US gas power: generation by facility over time?

US gas power generation by facility is broken down in this data-file, across 1,850 active gas-power plants, supplying 40% of all US electricity. Descriptive statistics are available in the summary tab, a state-by-state breakdown follows in the PlantsByState tab and underlying data on all 3,000 historical facilities are provided in the AllGasPlants tab.

The US contains 560GW of gas-fired power plants, across 1,850 active facilities, supplying 40% of all US electricity, per our US gas and power model. Underlying data on each facility are available within the EIA’s electricity market data.

Hence this data-file captures 3,000 gas-fired power plants in the US, going back historically to 2001, with generation data for each facility (examples below).

Across all US gas power generation by facility, 25% are <10MW, 25% are 10-100MW, 25% are 100-500MW, 25% are >500MW. But the large >500MW plants are 75% of US gas capacity and 85% of US gas generation.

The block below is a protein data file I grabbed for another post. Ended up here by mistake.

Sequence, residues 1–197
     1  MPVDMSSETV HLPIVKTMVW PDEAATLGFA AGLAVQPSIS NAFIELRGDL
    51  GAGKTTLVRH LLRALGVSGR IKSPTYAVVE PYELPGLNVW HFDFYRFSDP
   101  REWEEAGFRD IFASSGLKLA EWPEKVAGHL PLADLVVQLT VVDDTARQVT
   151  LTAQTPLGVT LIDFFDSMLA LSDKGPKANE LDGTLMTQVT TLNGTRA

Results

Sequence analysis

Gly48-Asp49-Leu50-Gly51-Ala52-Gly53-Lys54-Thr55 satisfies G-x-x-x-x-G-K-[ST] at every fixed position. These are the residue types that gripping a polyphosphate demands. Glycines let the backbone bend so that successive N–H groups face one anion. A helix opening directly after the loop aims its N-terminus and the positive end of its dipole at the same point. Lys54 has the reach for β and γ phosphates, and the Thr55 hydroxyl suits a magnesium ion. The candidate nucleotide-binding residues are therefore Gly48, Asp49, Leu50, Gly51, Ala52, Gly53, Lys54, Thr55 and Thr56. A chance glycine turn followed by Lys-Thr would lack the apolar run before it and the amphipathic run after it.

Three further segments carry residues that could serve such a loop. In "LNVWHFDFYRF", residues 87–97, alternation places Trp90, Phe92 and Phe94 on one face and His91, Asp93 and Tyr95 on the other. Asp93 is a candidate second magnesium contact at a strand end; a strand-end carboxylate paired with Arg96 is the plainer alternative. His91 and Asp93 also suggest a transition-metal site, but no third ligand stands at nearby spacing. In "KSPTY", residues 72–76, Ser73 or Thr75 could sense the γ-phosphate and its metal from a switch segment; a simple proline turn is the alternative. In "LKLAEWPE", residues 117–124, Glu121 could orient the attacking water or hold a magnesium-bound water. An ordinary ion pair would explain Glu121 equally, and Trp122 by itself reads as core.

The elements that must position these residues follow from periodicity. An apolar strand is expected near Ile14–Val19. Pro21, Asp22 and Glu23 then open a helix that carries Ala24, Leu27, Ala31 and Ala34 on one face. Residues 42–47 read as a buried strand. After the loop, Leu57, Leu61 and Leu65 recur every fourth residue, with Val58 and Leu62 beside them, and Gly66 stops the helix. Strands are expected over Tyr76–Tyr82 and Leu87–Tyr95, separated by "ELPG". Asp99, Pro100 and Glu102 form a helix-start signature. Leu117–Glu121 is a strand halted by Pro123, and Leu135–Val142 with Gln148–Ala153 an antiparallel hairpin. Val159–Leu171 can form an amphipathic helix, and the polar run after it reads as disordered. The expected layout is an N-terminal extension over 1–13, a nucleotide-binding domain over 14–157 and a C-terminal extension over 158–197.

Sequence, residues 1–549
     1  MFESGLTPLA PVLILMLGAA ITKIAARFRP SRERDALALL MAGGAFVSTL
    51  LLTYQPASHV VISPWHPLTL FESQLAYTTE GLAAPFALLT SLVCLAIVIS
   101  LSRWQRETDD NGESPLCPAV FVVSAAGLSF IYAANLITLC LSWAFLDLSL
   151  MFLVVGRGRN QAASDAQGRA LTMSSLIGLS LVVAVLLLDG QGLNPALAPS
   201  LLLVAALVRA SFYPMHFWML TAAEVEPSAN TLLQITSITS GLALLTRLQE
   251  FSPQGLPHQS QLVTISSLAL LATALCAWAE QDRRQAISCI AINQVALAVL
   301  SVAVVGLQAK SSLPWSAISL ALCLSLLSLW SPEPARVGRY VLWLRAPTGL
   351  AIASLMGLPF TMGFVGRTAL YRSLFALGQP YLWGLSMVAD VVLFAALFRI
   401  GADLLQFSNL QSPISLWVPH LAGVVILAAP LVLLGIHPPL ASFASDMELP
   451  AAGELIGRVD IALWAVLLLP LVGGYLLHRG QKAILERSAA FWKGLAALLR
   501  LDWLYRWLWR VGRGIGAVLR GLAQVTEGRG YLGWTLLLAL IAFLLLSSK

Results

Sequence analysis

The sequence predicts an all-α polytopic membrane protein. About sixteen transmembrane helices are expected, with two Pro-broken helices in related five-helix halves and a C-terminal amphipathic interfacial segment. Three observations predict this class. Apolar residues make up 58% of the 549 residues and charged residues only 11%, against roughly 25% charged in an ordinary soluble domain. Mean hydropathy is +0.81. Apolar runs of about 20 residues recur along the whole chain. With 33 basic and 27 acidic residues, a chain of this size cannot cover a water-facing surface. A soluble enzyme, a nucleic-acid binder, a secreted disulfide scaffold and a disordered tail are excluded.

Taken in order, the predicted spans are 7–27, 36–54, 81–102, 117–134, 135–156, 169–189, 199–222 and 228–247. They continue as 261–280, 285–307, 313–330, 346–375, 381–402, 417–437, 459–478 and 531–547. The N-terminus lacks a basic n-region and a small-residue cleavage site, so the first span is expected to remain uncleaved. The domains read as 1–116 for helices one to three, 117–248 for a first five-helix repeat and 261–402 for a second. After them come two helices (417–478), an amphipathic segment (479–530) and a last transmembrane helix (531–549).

The average annual utilization rate is 40%. The average annual efficiency factor is 45%. There is effectively no decline rate across these assets (unlike solar declines and wind declines),

Conversely, the average annual output of typical US gas generation facilities is intentionally flexed by +/- 30% each year (inter-quartile range) depending on the demand for power (chart below). Likewise, gas production is flexed voluntarily. The ability to flex becomes increasingly valuable as energy markets grow more volatile.

Natural gas power plants stability

Gas power is flexible and efficient, providing a backbone to the US grid. A key conclusion in our recent research is that natural gas power entrenches as a backstop to wind and solar, in increasingly renewables heavy grids (note below).

The gas-generation data by facility also help to evaluate whether new loads entering the grid — such as the rise of AI or the rise of EVs — could be accommodated simply by drawing on the spare capacity in gas-fired power plants, and without having to build new CCGTs. Our 5-page note below aims to quantify the spare capacity.

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